Voices was created in 2010 to be a place for leaders of color who were working alone in white led, evangelical organizations. I began to get a little concerned about the number of leaders that I came across who were really struggling in their work or looking to connect and process in a place that understood their perspective. I was also concerned that they were being used to do programs, give input, work with people, create safe places for students and participants of color, and even give ”perspective” to white leaders but were working alone in many cases. There are very few voices of color in boardrooms, very few as Executive Directors, etc. Finally, I was concerned that communities of color were not seeing leaders of color. In fact, there were many stories of failure. Leadership in countless organizations working in brown and black communities is being lost to young whites and gentrification. Even in our own association, CCDA, most organizations are led by white leaders, something Barbara Skinner mentioned in her plenary talk a few years ago.
Voices was birthed out of this lament. We have created a place for voices of color, and particularly African Americans, to come to the table: connect to history, share their wisdom, collaborate as bridge builders which many of them are, and affect culture in their communities from a larger platform. We engage quality leaders, not ones who needed the limelight all the time but people whose vocation spoke for itself. We collaborate in a multi-generational model, connecting new and mature leaders in conversations to reverse the increasing breakdown between young and old. We connect to leaders from every sector; business, church, the arts, politics, education, and media are represented.
We started with smaller conversations twice a year. These “gatherings” are held in January and August, and employ a “call and response” format where a presenter shares for a 30 minute period that is then followed by questions and conversation for 45 minutes. This allows someone to talk about his or her vocation or passion but then to have a deeper conversation with the group. There have been 10 of these events over the last 5 years reaching 60 leaders. We have attracted the attention of larger media voices like Soledad Obrien who continues to support these efforts and who spoke at a recent gathering.
Voices is also committed to engaging and training a younger generation of leaders of color. We do this through our college tours. This is done once a year in February where we visit select black colleges and schools in the northwest and offer training, encouragement and connection for future leaders of color. “The ReConnect Tour” looks to join Faith, Justice and Vocation for young leaders of color.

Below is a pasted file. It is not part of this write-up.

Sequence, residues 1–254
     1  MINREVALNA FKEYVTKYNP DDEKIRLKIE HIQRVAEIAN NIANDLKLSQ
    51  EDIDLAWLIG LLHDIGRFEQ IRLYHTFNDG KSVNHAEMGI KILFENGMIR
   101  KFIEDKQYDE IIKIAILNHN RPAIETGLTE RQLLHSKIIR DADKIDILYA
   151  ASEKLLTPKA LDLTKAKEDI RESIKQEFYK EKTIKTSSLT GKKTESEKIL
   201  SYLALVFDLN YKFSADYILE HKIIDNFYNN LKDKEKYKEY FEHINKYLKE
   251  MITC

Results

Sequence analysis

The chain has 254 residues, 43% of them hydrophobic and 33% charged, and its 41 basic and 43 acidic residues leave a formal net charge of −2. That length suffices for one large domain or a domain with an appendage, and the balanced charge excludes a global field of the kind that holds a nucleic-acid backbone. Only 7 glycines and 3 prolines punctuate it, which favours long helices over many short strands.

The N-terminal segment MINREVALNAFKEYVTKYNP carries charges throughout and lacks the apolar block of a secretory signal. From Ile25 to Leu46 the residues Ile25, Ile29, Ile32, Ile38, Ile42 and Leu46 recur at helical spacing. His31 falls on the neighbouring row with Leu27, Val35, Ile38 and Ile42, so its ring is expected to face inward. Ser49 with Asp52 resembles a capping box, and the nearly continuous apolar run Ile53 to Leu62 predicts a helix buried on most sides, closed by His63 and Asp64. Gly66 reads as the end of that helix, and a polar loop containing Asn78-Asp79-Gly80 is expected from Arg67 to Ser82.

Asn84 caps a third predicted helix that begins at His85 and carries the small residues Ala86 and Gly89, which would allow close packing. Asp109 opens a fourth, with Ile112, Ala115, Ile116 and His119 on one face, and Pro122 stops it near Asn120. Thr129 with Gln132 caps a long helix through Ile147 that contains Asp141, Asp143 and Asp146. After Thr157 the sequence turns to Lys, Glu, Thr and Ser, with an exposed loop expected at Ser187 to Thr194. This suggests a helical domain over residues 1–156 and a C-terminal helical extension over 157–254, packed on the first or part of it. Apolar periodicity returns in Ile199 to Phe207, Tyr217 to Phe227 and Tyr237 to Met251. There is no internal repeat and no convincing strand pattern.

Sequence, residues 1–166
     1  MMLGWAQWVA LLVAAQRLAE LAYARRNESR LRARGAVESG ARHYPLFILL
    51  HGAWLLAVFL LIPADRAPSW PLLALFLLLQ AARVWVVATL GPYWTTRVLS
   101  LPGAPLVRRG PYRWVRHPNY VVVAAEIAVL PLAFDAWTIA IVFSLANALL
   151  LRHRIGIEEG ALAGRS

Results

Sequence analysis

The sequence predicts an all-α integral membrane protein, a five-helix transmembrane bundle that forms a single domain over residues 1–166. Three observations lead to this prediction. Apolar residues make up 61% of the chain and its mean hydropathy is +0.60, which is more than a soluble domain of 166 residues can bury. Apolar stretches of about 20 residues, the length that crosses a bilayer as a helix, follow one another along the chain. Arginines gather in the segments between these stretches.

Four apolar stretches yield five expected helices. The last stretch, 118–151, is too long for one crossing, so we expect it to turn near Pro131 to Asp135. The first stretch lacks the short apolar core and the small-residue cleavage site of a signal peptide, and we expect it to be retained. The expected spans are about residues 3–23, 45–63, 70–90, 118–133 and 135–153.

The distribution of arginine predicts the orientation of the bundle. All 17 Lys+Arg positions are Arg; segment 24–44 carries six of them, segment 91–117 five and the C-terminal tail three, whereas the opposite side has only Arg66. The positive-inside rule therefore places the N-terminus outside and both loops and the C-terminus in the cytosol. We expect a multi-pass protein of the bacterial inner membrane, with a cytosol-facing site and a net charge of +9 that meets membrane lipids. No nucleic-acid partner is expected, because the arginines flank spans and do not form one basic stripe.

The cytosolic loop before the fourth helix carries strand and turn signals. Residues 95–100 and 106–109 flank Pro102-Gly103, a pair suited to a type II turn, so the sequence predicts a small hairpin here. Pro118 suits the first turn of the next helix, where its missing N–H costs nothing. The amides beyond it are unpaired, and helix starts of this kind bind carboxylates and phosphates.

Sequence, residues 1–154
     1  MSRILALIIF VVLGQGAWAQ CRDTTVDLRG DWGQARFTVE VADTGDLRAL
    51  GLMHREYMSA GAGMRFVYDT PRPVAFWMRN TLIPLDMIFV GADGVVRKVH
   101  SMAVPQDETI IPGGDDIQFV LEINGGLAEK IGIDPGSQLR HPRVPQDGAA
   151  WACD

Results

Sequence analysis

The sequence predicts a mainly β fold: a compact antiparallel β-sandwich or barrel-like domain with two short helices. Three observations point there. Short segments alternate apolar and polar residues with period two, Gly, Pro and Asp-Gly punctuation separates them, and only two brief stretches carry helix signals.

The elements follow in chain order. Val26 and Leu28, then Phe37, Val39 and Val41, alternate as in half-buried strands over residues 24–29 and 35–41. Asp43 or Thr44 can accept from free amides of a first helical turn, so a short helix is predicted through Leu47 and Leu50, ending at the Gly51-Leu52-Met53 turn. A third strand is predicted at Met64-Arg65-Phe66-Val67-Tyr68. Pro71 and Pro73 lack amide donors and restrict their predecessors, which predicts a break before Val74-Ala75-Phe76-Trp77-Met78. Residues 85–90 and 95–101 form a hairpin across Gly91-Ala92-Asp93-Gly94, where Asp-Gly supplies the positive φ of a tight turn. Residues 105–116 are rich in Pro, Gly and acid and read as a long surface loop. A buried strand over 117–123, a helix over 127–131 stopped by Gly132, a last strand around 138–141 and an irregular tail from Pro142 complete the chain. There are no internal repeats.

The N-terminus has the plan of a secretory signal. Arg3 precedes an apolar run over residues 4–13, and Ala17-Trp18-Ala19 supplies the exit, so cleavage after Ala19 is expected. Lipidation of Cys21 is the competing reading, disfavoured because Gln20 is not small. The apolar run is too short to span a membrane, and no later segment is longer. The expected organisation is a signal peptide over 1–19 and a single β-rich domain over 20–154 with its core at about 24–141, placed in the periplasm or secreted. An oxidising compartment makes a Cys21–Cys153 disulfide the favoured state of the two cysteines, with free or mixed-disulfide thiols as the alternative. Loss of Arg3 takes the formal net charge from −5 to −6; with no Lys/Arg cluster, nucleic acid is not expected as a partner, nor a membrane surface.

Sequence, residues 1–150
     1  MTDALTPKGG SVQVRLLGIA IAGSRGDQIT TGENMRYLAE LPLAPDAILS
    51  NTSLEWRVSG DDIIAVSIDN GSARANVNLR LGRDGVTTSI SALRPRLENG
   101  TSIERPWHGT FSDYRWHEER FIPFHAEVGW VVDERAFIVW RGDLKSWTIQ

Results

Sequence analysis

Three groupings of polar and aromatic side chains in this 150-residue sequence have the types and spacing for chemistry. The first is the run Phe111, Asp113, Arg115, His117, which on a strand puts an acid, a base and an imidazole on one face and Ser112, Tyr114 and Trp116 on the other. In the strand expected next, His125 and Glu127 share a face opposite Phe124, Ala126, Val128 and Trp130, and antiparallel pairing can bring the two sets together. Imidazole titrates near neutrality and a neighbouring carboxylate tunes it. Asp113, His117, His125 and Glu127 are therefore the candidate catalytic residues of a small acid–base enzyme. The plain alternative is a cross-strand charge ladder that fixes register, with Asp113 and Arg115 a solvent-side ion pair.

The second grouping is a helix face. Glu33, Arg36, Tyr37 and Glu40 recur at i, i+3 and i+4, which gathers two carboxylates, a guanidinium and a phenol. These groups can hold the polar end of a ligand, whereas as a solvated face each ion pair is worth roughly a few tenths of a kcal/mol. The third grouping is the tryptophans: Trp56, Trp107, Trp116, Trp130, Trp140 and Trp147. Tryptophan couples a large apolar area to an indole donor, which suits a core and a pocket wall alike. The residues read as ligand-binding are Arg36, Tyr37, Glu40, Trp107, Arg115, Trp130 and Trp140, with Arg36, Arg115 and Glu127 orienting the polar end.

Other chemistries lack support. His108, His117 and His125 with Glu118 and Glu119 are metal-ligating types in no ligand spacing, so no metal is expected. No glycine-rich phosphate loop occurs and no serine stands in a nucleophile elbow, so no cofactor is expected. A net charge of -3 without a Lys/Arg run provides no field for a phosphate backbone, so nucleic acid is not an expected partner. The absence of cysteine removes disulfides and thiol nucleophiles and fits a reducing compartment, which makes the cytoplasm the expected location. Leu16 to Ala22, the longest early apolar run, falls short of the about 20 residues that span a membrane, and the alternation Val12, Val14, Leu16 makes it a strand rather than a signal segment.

-Leroy Barber, Co-Founder
Leroy Barber has dedicated more than 25 years to eradicating poverty, confronting homelessness, restoring local neighborhoods, healing racism, and living what Dr. King called “the beloved community.”
In 1989, burdened by the plight of Philadelphia’s homeless population, he and his wife Donna founded Restoration Ministries, a non-profit created to serve homeless families and children living on the streets. In 1994 he became Director of the Internship Program at Cornerstone Christian Academy. Licensed and ordained at Mt Zion Baptist Church, he served as Youth Director with Donna, and as the Associate Minister of Evangelism. In 1997, he joined FCS Urban Ministries in Atlanta, GA and worked with the Atlanta Youth Project as the founding Executive Director of Atlanta Youth Academies, a private elementary school providing quality Christian education for low-income families in the inner city. He went on to plant and pastor Community Life Church, a missional congregation in southeast Atlanta, and served as the Atlanta City Director for Mission Year, a national year-long urban ministry program focused on service and discipleship. In 2007 Leroy became President of Mission Year and led the organization until 2013. He also served as Co-Executive Director of FCS Urban Ministries from 2009 to 2013 and as Global Executive Director of Word Made Flesh from 2013 to 2015.
Leroy is currently the Executive Director of The Voices Project and Holla Mentors, organizations committed to supporting and developing leaders of color. He serves on the boards of the Christian Community Development Association (CCDA), The Simple Way and EEN, the Evangelical Environmental Network. He is the author of New Neighbor: An Invitation to Join Beloved Community, Everyday Missions: How Ordinary People Can Change the World (IVP), Red, Brown, Yellow, Black, White: Who’s More Precious in God’s Sight?(Jericho) and recently released, Embrace: God’s Radical Shalom for a Divided World (IVP). He was also a contributor to Tending to Eden, and the groundbreaking book UnChristian: What a New Generation Thinks about Christianity and Why It Matters.
Leroy has been married to Donna for the past 31 years and together they have five children – Jessica, Joshua, Joel, Asha Joy and Jonathan.